Welcome to Write Away!
The writing forum for Project Read learners.

We've redesigned our blog so that adult learners working at Project Read can share what they have written with other learners, tutors, and the public. There are a few simple guidelines to be aware of.
  1. This is a moderated site, so submissions and comments will first be reviewed before being approved and published.
  2. Adult learners submitting their writing have the option of using their first name (only) or using "anonymous" for authorship.
  3. We wish to honor the writing efforts of the adult learner/authors, so no major copy editing will be applied, but we may suggest minor corrections in consultation with the author.
  4. Only active Project Read learners are eligible to submit their writing to the Write Away blog and there are two ways of doing this: send submissions via email to projectread@sfpl.org, or stop by the office with a hard copy of your writing.
  5. The views and opinions expressed on this web site are solely those of the original authors and contributors. These views and opinions do not represent those of the San Francisco Public Library and/or the City and County of San Francisco.

Thursday, September 18, 2008

Join the Wednesday Night Rearers Book Club

Here is the schedule of books being read and discussed by Project Read's Wednesday Night Readers book club over the next few months. Look over these titles with your adult learner, pick up your FREE books and audio books, and make plans to attend one of these exciting and rewarding discussions. We make unabridged audio books available so that learners at any reading level can participate in the discussion. Learners do not have to finish the entire book to attend the discussion.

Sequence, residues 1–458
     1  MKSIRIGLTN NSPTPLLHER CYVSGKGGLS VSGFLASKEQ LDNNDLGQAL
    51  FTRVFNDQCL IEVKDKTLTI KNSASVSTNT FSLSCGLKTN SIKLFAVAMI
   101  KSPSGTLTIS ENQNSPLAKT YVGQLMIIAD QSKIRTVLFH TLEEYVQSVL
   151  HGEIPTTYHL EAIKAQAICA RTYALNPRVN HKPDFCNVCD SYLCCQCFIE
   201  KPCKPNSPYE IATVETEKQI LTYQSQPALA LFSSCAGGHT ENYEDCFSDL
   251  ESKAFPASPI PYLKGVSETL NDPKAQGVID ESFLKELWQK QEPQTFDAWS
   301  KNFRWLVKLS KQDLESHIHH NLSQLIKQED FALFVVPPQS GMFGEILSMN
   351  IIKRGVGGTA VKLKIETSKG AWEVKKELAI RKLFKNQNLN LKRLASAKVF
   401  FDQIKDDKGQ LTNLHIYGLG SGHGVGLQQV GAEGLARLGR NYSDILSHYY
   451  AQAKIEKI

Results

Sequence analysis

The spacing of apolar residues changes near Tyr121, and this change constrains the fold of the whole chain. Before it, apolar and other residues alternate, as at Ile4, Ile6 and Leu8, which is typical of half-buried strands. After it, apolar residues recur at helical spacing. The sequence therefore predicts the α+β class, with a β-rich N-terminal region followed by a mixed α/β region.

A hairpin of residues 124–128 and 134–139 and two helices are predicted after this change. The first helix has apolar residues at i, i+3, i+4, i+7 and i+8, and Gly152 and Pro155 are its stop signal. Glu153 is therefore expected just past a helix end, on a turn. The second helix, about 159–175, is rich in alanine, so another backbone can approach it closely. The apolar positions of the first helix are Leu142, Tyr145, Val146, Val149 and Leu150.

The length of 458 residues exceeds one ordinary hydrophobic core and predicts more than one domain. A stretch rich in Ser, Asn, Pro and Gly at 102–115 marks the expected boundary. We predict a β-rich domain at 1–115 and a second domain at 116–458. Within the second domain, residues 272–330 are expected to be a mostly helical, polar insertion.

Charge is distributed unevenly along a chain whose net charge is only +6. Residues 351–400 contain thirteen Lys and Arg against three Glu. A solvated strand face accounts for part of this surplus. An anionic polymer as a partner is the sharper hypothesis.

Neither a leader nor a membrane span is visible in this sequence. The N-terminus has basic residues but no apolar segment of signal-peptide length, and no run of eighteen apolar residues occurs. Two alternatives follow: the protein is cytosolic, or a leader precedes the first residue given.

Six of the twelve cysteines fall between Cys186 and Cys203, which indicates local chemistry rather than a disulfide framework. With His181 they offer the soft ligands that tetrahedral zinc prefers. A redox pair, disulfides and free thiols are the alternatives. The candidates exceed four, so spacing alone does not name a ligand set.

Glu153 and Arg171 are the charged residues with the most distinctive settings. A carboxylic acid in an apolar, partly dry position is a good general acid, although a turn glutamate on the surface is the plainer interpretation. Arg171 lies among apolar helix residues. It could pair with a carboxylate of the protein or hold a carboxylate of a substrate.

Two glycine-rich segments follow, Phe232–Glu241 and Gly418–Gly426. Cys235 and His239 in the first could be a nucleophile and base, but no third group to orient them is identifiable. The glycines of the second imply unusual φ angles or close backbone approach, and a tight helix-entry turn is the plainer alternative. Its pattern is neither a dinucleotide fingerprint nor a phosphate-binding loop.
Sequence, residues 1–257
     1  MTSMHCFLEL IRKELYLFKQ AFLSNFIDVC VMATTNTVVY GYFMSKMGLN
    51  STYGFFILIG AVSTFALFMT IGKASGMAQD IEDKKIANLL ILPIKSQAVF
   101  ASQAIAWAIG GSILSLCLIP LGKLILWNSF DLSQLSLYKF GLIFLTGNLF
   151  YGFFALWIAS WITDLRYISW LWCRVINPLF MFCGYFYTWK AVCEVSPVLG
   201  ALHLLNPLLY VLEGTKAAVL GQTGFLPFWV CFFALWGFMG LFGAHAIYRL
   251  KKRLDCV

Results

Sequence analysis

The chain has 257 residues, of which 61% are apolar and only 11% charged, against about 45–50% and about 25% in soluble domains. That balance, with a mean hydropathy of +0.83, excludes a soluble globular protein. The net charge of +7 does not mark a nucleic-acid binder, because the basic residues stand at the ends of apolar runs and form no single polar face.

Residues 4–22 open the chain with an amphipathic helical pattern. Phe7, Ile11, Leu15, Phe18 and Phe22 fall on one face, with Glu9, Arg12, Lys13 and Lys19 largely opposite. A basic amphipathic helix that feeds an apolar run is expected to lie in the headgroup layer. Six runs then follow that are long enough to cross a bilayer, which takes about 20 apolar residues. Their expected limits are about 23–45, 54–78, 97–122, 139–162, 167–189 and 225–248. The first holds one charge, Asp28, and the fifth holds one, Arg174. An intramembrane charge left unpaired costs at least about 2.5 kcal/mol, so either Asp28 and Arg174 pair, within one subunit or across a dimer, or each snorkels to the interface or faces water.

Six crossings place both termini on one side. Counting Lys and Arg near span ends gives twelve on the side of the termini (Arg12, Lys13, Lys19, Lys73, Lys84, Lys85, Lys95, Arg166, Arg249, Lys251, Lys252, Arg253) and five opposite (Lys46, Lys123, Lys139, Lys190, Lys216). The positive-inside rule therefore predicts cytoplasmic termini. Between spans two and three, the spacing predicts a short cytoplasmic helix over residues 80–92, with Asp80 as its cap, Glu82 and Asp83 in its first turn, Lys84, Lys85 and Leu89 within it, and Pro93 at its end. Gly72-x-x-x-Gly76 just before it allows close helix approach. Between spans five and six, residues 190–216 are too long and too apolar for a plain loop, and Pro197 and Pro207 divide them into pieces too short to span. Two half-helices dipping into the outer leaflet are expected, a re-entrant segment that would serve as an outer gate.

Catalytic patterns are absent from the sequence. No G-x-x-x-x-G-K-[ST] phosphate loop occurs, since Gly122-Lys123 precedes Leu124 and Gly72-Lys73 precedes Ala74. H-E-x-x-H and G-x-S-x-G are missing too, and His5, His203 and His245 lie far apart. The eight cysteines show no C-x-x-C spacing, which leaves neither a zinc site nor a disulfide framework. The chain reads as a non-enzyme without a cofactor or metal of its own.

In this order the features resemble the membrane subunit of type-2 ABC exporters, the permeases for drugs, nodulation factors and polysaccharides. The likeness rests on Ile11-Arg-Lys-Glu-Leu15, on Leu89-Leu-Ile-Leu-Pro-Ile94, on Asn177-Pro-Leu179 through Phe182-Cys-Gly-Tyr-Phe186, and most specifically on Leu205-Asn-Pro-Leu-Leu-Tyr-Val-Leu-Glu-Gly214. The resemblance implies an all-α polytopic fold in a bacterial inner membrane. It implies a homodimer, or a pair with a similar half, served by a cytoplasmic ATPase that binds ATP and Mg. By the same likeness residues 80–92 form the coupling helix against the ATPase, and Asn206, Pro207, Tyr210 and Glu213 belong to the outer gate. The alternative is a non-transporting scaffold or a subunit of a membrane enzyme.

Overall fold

Invasion of the Body Snatchers by Jack Finney (
discussed at the October 29 meeting, books/audio books available September 26.)
On a quiet fall evening in a small, peaceful town in northern California, Dr. Miles Bennell discovered an insidious, horrifying plot. Silently, subtly, almost imperceptibly, alien life-forms were taking over the bodies and minds of his neighbors, his friends, his family, the woman he loved – the world as he knew it. First published in 1955, this classic thriller of the ultimate alien invasion and triumph of the human spirit over an invisible enemy inspired three major motion pictures. (216 pages)

For One More Day by Mitch Albom (discussed at the December 3 meeting—one week later because of Thanksgiving—books/audio books available October 30) This is the story of a mother and a son, and a relationship that covers a lifetime and beyond. It explores the question: What would you do if you could spend one more day with a lost loved one? As a child, Charley was told by his father, "You can be a mama's boy or a daddy's boy, but you can't be both." So he chooses his father, only to see the man disappear when Charley is on the verge of adolescence. Decades later, Charley is a broken man. His life has been crumbled by alcohol and regret. He loses his job. He leaves his family. He hits bottom after discovering his only daughter has shut him out of her wedding. After deciding to take his own life, he makes a midnight ride to his small hometown only to discover that his mother--who died eight years earlier–-is still living there, and welcomes him home as if nothing ever happened. (197 pages)

The Shape Shifter by Tony Hillerman (discussed at the January 28 meeting, books/audio books available December 4) In Tony Hillerman's The Shape Shifter, a lot is riding on a little mysterious carpet. Not any old welcome mat, but a precious Navajo tale-teller rug, full of portents, interwoven with bits of bark and feathers. Supposed to have been burned in a fire years before, the priceless artifact turns up in the pages of an interiors magazine, shown on the wall of a rich man named Jason Delos. After it's spotted by Joe Leaphorn, a retired Navajo policeman and an old colleague of his, the story travels through an elaborate investigation of theft and murder. (276 pages)

A Call to Conscience: The Landmark Speeches of Dr. Martin Luther King, Jr. (discussed at the February 25 meeting, books/audio books available January 29) Throughout the 1950s and 60s, the words of Dr. Martin Luther King, Jr. led the Civil Rights movement, inspiring generations and transforming the future of the United States. This collection includes the text of Dr. King’s best-known oration, I Have a Dream, his acceptance speech for the Nobel Peace Prize, and Beyond Vietnam, a compelling argument for ending the conflict. (223 pages)

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